Hollywood’s go-to man on visual effects joins forces with Hollywood’s go-to man on freaky makeup jobs. That in mind, Hiroshi Katagiri (Dragonball: Evolution 2009, The Hunger Games 2012) directs his first feature-length film, Gehenna: Where Death Lives, starring Doug Jones (Pan’s Labyrinth 2006, The Shape of Water 2017) and Lance Henriksen (Aliens 1986, Pumpkinhead 1988), amongst others. Though unlike their big blockbusters, this film was made on a more modest, and estimated, $240,000 budget. It was made back in 2016, where it did the festival run until Uncork’d Entertainment picked up the distribution rights. So, everyone will have the chance to catch Gehenna: Where Death Lives in theaters or On Demand as of Friday, May 4, 2018 onwards. But what is it about?
Written by Katagiri himself, alongside Nathan Long (Kamen Rider series, Guyver: Dark Hero 1994) and Brad Palmer (Blood Redd 2017), it is about curiosity killing the cat. A group of people are sent to Saipan to find a location for their company’s new resort. When they think they have found the perfect spot, they come across a bunker made by the Japanese during World War 2. They decide to enter it and explore, but things soon take a turn for the worst when they learn it was not abandoned. There is much more inside it than they bargained for.
Well, it is called Gehenna after all. The film even starts with its dictionary definition, where it is essentially Hell (“A most accursed place. Destination for the wicked.”) It was that or the real place in Jerusalem that inspired the term, but it is Where Death Lives, not Where Aaron Lives. Visions of Hell make for an easier horror experience than visions of a Holy Land tourism video. Etymology aside, the big question here is whether the film is any good or not. The intro starts off spookily enough, detailing a backstory that goes beyond the Japanese occupation. The opening credits even have some nice if grim illustrations by Sakura Kikukawa. Though the quick cuts to live footage during it do come off as a little cheesy.
Also, despite that crack about tourism, the story is about the darker side of the industry. Big Western company goes to an exotic locale and talks about ripping it up to make way for a pricey resort for other rich Westerners. Saipan culture and folklore goes out the window in the name of profit (“I speak dollars and cents”.) It is not exactly the most original story, as there have been plenty of horrors based on properties built on top of ancient burial grounds, cursed earth, or the sites of horrific crimes. Suppose it is not often the horror strikes at the property developers before they even get to build their haunted houses for doomed tenants. Like an East Asian equivalent of a theoretical Poltergeist 0: You’re Building It Where?!?!?
The group consists of the business-minded Paulina (Eva Swan: The Beast 2009, Alien Inhabitants 2011), money-minded Alan (Simon Philips: Blue Collar Hooligan 2012, Once Upon A Time at Christmas 2017), advisor Tyler (Justin Gordon: Oculus 2013, Before I Wake 2016), naïve photographer Dave (Matthew Edward Hegstrom), and their local guide Pepe (Sean Sprawling: Wolf Mother 2016, Age of the Living Dead 2018). They run the gamut of ignorance from wilfully ignorant to unknowingly so as they stumble further into the depths. They come off as believable, if familiar, characters, and the actors perform them relatively well. Henriksen and Jones are fine too, though they amount more to cameos than full roles.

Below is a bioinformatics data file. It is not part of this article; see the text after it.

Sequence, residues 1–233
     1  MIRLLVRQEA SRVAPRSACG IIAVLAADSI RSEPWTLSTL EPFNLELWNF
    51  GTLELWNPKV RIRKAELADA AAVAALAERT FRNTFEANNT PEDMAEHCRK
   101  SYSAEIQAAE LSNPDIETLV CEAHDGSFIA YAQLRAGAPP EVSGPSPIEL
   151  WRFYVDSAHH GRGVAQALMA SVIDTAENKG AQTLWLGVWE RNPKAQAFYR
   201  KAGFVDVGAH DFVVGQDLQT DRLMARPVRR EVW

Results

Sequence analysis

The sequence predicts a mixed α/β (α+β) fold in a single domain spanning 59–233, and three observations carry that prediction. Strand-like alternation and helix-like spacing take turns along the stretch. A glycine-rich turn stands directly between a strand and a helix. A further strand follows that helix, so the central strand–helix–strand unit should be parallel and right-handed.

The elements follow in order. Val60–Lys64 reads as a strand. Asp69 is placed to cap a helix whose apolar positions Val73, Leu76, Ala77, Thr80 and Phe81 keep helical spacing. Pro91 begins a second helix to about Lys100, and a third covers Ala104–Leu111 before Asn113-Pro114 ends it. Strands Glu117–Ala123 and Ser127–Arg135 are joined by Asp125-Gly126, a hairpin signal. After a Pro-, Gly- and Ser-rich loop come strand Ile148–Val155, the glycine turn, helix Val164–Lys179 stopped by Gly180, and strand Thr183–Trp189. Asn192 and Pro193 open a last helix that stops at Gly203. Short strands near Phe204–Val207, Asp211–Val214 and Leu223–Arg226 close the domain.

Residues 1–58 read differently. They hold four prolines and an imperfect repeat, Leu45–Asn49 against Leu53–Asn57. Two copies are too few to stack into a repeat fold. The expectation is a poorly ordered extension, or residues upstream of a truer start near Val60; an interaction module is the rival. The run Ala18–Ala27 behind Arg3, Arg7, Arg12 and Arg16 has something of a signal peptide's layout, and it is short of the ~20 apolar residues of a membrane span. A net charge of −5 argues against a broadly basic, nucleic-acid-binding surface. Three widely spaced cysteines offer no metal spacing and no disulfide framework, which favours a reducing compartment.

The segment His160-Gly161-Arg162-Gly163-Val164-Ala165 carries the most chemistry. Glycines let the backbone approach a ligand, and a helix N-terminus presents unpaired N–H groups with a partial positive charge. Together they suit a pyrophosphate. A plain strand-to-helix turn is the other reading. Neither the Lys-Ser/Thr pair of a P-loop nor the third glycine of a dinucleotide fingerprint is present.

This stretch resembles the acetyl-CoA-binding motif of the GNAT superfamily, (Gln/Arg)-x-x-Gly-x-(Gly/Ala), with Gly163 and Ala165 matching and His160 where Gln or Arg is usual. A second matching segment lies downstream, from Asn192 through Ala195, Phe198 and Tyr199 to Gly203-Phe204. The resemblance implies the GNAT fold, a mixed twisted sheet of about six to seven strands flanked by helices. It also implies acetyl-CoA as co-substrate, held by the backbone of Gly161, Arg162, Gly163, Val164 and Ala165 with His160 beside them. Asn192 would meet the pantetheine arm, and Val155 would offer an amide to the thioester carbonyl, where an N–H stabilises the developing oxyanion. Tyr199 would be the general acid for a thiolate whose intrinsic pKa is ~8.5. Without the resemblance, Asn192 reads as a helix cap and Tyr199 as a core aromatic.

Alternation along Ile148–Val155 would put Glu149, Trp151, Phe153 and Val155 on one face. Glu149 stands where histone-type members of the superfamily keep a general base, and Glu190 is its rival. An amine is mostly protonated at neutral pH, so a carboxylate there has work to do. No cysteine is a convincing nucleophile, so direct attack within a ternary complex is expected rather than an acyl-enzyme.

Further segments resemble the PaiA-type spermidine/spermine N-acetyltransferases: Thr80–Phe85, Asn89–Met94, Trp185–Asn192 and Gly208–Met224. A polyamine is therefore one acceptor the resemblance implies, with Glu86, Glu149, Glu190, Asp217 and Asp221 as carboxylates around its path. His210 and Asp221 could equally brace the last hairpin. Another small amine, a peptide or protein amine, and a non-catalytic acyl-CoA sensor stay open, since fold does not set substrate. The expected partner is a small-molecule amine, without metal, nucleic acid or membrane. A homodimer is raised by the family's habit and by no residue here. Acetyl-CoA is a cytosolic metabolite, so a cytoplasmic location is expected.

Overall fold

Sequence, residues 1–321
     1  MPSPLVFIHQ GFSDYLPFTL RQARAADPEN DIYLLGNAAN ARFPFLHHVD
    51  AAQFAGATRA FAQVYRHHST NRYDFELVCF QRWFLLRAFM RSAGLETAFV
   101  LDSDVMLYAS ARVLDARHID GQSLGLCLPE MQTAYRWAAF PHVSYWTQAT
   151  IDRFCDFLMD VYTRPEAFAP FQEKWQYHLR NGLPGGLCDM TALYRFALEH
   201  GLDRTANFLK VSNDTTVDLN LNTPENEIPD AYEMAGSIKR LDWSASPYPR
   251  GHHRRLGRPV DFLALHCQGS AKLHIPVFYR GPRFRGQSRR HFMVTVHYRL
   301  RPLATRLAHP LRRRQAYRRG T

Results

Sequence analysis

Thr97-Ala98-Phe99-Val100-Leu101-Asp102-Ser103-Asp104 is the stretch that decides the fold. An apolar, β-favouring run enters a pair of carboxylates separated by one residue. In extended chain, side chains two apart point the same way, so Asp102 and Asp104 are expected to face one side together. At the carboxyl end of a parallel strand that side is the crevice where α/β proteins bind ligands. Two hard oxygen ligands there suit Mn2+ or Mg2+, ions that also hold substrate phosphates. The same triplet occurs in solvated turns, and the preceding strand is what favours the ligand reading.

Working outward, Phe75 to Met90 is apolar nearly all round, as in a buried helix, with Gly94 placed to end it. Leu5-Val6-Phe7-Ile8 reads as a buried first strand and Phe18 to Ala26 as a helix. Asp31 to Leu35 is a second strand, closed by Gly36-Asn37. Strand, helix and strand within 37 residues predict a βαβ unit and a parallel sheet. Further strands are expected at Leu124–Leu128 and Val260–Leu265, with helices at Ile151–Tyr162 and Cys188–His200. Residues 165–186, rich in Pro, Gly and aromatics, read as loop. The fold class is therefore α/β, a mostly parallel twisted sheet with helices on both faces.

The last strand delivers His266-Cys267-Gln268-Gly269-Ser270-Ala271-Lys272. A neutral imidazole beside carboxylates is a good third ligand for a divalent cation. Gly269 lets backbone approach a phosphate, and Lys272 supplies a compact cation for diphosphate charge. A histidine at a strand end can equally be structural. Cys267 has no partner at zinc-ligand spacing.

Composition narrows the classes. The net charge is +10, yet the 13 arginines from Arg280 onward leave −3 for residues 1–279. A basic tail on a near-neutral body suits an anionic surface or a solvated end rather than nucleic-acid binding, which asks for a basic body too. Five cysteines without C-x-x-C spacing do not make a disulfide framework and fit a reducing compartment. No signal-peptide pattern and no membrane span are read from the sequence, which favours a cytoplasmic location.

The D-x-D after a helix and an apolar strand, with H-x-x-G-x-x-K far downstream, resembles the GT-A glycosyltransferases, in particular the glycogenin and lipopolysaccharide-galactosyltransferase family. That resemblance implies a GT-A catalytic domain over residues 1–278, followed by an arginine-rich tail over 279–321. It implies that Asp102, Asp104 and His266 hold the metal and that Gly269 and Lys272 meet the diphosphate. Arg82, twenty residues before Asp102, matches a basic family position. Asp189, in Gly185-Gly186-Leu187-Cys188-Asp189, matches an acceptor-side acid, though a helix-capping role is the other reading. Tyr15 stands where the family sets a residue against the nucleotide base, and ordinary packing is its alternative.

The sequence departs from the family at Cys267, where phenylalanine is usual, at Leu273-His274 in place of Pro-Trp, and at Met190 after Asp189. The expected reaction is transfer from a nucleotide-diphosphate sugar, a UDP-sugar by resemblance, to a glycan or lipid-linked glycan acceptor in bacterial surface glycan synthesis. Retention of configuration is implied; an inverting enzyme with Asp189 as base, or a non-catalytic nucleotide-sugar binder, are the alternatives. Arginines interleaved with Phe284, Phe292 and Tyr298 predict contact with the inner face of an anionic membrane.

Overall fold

The film also looks really nice for the aforementioned estimated $240,000 budget. Either the estimate is wrong, or they stretched out what they had well. The cinematography won Yohei Tateishi (Moviestar* 2015) an award at the Chicago Indie Horror Film Festival in 2017, and it is hard to complain against it. It makes Saipan alluring enough to pull anyone in, and the bunker scary enough to drive them away. It helps get the most out of the scares too, alongside the makeup jobs by Spectral Motion (Hellboy 2004, Looper 2012) and Katagiri himself as the creature effects sculptor. He knows quite a bit on how to make a spooky sight, given his visual effects work. Though his direction also shows he knows how to build up tension along the way by building up to those scares.
That said, he is going by the textbook here. Experienced Horror fans will likely know which turns and scares will crop up based on the cinematic tricks used. The plot takes a Silent Hill-esque turn once things get serious in the bunker. However, the threats inside it are more Ringu-esque in comparison. It is not that they are not scary or creepy- they certainly fit the bill. They are just unlikely to keep one up at night unless this is their first foray into the genre.
That just about sums the whole film up really. It may get the skin crawling, but it is unlikely to leave people shivering. The direction is fine, as is the sound design and scares. There is some lovely camerawork on display, as well as some very effective makeup jobs and visual effects. The acting is fair too, if a little hammy in places.
Overall, it is a competent tale with some interesting twists and turns. It is not spellbinding, but it is not awful either, and should not hurt to try out. So for these reasons, CrypticRock gives Gehenna: Where Death Lives 3.5 out of 5 stars.